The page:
After 10 years of development it became known The release of the first stable version of the Bespoke Synth project, that unfolds as a modular software sound synthesizer that allows to generate and process sound based on the visual redirection of sound flows between different modules that form and change the shape of a sound wave, as well as superposition effects.
Bespoke Synth is the brainchild of developer Ryan Challinor. Ryan describes it as a bit like "smashing Ableton Live with a baseball bat" and then asking him to put it back together, plus it's worth noting that Bespoke Synth is not a typical DAW no way. It is basically a blank canvas that allows you to create your own bespoke workflow.
From the characteristics of the application, the possibility of changing the environment on the fly is noted: you can add and change nodes without interrupting music playback.
Bespoke is a project that I started in 2011 as a way to learn more about creating music. Rather than spending time learning the intricacies of an existing DAW, I did a reckless exercise to try and build my own. The software is customized by me and me, hence the name "Bespoke".
Bespoke's core design is to divide everything into separate modules that can be put together into a custom design, just like modular hardware. Bespoke is designed to be highly customizable, with the idea that any of the custom designs you create will be 'bespoke' for you, too.
Besides it there are more than 190 modules available for creating sound chains. Supports connection of out-of-the-box VST plugins and quick creation of your own Python drivers. Tools are provided for integration with MIDI controllers.
Ryan developed it for himself and his own workflow, but he's opening it up to anyone Who wants to give the empty blank of Bespoke Synth a try. It can be a bit overwhelming because you have very little to go on when running the software.
You have to start exploring and experimenting. There are a couple of sample projects you can upload, but they don't tell you much. Also, all the building blocks are not there or at least not in a familiar way. I only spend half an hour trying to find a filter only to find that it's there as part of the oscillator, so it won't necessarily follow the rules you expect.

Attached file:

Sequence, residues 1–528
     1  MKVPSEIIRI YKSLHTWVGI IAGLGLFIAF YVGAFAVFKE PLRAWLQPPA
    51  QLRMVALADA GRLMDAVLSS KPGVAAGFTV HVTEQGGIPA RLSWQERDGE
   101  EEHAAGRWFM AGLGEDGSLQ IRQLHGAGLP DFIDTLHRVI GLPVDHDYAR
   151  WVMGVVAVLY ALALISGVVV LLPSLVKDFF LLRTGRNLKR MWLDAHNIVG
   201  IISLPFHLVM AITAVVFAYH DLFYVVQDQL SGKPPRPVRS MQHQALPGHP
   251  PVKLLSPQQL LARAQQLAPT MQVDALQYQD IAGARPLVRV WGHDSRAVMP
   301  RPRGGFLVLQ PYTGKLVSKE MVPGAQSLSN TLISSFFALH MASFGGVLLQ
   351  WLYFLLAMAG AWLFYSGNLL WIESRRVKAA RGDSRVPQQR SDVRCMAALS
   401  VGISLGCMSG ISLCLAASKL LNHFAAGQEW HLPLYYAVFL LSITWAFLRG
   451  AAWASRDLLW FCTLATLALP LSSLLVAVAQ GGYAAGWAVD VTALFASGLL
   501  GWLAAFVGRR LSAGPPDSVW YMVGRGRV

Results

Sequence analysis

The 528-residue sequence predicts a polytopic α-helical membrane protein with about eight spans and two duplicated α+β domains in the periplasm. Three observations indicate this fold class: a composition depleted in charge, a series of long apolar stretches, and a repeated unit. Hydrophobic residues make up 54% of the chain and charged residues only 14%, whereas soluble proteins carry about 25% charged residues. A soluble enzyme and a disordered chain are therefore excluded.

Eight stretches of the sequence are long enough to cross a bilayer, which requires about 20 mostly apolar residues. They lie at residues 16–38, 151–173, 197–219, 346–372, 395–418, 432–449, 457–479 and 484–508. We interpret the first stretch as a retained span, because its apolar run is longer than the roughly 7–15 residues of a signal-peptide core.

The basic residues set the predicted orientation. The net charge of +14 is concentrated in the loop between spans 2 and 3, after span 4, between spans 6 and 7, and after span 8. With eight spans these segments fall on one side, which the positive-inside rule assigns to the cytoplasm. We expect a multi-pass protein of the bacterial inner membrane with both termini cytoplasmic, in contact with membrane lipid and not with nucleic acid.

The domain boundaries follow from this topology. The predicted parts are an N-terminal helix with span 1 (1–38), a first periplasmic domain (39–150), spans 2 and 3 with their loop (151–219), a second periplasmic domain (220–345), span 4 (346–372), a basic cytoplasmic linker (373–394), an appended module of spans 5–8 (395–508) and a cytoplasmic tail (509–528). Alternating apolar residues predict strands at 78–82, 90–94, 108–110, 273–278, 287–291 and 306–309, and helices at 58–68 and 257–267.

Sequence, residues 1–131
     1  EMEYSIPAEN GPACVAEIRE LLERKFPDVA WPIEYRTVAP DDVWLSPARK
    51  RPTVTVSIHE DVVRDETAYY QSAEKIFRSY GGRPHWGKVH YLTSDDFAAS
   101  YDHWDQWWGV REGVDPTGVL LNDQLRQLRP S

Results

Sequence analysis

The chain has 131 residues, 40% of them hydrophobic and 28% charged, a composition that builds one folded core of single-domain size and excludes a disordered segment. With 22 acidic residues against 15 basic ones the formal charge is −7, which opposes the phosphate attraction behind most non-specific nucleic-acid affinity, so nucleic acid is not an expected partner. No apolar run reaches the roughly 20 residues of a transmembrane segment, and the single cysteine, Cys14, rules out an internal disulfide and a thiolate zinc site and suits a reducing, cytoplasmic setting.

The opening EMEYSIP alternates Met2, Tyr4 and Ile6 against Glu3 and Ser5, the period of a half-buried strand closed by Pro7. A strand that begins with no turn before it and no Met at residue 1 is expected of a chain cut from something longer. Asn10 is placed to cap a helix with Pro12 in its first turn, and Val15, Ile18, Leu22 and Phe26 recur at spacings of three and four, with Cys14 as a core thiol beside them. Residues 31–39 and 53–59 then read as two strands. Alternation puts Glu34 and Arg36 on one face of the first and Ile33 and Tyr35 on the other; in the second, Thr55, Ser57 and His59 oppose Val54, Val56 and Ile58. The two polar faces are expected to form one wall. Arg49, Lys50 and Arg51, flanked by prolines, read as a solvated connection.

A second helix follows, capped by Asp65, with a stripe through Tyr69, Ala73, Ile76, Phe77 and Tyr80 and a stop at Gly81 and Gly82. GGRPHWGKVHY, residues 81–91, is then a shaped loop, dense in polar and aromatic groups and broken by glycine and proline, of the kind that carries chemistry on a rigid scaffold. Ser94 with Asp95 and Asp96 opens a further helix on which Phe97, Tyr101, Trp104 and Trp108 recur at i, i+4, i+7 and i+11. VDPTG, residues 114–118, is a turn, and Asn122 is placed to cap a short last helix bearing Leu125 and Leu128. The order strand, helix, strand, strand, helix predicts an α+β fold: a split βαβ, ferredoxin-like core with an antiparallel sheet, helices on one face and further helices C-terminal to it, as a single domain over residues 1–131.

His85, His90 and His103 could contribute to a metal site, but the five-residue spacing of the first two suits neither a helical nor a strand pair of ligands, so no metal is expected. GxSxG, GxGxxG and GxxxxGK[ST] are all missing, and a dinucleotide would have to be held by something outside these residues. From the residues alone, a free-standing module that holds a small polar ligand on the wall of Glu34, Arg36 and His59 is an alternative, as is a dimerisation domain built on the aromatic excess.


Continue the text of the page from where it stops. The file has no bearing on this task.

Yet it looks fabulously crazy and spacey. I love how the patch cords come alive with the signals passing through them. It is both puzzling and exciting and is full of all kinds of potential if you can understand it. Your best bet is to watch Benn Jordan's video below!
Bespoke Synth is open source and completely free if you want to use it, although the website encourages you to pay a few dollars to help with costs, but it is the same version regardless. You should definitely give it a try.
The project's approach to monetization is interesting: in addition to the free version, two payment options are offered: tailored plus ($ 5) and tailored pro ($ 15), which are completely identical to the free version and do not contain advanced features which is clearly indicated in the comparison table on the site (it is implicit, that if he likes the program, the user can support the project without coercion by purchasing a paid version).
Finally if you are interested in knowing more about it about the project, you can check the details in the following link 1.
As for the Bespoke Synth compilation, this is very easy to do, since it is enough to open a terminal and type the following command:
git clone https://github.com/BespokeSynth/BespokeSynth
git submodule update --init --recursive
cmake --build ignore/build --parallel 4
The project code is written in C ++ and is distributed under the GPLv3 license. Ready assemblies are ready for Linux, macOS, and Windows.